Over the past three decades, the Sociology of Islam has emerged as one of the most vibrant fields of Islamic studies. This seminar explores fundamental propositions that can now be made about Islam as a sociological phenomenon, in light of this large body of literature. The discussion, informed by the recent book Lifeworlds of Islam: The Pragmatics of a Religion (OUP, 2019), focuses on three “lifeworlds” that have made it possible for old ideas to continue to appear relevant to modern life, in spite of the presence of secular alternatives. These “lifeworlds” include 1) Islamic social movements (their origins, main characteristics, and prospects); 2) Islamic public philosophy (and its divided nature); and 3) historical structures that had delivered Islam as a template for global citizenship.
Lifeworlds of Islam: The Pragmatics of a Religion
Mohammed Bamyeh (University of Pittsburgh / EUME Fellow 2018/19), Chair: Yasmeen Daher (University of Montreal)
Forum Transregionale Studien, Wallotstr. 14, 14193 Berlin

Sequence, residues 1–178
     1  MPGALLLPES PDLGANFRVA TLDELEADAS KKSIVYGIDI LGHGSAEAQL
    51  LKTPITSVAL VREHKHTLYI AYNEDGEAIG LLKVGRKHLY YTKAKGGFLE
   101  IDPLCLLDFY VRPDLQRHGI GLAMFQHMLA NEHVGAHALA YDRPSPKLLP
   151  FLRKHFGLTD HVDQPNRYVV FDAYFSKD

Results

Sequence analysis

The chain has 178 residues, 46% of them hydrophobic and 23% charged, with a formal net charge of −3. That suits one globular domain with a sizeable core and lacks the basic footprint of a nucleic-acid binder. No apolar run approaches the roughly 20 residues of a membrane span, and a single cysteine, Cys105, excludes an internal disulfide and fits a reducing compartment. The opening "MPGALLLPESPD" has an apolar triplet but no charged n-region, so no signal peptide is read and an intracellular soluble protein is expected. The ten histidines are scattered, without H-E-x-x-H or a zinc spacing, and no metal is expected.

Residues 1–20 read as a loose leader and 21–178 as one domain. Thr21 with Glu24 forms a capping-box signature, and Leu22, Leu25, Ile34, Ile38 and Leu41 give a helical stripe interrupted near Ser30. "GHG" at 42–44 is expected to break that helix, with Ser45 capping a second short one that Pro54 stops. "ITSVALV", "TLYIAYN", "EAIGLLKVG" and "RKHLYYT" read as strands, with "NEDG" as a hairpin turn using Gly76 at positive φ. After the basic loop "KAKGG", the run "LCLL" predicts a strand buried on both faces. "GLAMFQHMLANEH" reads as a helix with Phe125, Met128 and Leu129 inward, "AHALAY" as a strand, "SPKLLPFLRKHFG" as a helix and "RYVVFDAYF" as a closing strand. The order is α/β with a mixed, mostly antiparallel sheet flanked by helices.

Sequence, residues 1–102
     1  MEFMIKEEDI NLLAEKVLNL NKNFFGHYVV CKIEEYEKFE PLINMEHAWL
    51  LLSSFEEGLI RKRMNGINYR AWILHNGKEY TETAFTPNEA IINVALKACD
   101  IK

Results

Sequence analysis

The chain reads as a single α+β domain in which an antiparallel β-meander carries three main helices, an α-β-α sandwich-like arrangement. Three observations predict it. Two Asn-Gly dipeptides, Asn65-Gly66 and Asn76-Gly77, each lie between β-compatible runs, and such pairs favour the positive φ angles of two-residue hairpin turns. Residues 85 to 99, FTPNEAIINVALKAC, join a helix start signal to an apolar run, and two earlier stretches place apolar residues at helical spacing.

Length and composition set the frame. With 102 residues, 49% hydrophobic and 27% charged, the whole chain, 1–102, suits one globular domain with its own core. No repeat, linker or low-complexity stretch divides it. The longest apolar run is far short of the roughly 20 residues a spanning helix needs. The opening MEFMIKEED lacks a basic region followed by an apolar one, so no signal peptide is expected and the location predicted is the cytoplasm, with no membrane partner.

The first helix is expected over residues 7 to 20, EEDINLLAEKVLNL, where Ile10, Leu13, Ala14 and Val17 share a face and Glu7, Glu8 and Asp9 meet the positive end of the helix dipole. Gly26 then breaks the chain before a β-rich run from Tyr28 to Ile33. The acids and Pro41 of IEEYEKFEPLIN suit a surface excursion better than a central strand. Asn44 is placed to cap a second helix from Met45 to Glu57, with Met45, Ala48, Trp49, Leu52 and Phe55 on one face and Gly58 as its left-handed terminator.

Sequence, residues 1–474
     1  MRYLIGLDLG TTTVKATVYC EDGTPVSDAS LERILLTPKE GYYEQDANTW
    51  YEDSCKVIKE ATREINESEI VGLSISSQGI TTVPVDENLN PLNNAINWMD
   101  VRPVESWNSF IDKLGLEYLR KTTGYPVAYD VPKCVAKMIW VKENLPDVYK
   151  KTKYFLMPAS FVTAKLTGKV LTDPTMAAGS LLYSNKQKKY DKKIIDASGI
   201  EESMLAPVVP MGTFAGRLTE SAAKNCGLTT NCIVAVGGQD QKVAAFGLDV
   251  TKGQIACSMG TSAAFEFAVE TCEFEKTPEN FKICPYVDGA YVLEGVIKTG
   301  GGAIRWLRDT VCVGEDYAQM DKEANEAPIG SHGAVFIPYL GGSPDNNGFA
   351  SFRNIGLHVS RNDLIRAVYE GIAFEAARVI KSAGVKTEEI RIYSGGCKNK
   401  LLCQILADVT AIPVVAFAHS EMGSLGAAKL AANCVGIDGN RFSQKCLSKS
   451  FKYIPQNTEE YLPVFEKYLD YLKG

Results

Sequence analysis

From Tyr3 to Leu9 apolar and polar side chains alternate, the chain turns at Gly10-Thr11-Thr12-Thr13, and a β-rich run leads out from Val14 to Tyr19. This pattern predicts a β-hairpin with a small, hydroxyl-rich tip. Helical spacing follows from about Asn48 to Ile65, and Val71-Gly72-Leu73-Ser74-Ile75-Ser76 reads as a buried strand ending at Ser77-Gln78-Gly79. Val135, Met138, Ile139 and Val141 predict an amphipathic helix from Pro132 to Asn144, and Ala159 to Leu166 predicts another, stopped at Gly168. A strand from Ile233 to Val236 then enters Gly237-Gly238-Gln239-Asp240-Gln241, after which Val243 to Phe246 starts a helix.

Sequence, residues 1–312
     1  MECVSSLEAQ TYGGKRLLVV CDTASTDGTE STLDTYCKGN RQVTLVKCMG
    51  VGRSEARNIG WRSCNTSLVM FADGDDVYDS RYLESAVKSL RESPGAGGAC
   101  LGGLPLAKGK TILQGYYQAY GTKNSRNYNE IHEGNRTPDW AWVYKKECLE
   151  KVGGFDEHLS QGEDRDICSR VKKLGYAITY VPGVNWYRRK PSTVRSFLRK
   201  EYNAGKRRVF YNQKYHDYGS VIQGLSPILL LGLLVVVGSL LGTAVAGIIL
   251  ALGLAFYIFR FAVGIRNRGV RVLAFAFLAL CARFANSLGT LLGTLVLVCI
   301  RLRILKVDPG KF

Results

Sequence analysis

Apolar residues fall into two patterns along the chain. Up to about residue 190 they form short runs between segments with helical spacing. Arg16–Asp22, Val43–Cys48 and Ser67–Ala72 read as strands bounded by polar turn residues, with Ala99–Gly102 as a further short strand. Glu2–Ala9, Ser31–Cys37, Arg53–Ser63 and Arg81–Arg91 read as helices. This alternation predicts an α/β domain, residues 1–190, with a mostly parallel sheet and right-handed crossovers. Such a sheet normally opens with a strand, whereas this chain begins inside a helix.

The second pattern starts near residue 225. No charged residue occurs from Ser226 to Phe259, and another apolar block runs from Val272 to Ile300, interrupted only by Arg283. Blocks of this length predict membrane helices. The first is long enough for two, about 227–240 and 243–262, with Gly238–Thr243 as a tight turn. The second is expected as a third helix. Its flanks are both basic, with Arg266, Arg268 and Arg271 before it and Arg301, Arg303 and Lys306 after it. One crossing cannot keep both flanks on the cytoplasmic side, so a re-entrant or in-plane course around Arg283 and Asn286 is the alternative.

Mohammed Bamyeh is currently a Professor of Sociology at the University of Pittsburgh (USA), and Chair of the Board of Trustees of the Arab Council for Social Sciences (ACSS), based in Beirut. Most recently, he was a Senior Fellow at the Internationales Forschungszentrum Kulturwissenschaften (IFK) in Vienna, and the editor of International Sociology Reviews (ISR). Previously he held the Hubert Humphrey chair in International Studies at Macalester College in Saint Paul, Minnesota, and the SSRC-MacArthur Fellowship in International Peace and Security. He has previously taught at Georgetown University, New York University, SUNY Buffalo, and the University of Massachusetts. His most recent book is Lifeworlds of Islam: The Pragmatics of a Religion (2019). He also served as the lead author of the Arab Council for Social Sciences’ (ACSS) first report, Social Sciences in the Arab World: Forms of Presence (2015). His other books include Intellectuals and Civil Society in the Middle East (ed., 2012); Anarchy as Order (2009); Of Death and Dominion (2007); The Ends of Globalization (2000); and The Social Origins of Islam: Mind, Economy, Discourse (1999). He has also edited several special issues of various journals, including Palestine America (2003); Literature and Revolution (2012); and (with Brett Neilson) Drugs in Motion: Toward a Materialist Tracking of Global Mobilities (2009). He has previously been a EUME Fellow in the academic years 2010/11 and 2014/15 and returned as affiliated EUME Fellow in the academic year 2018/19.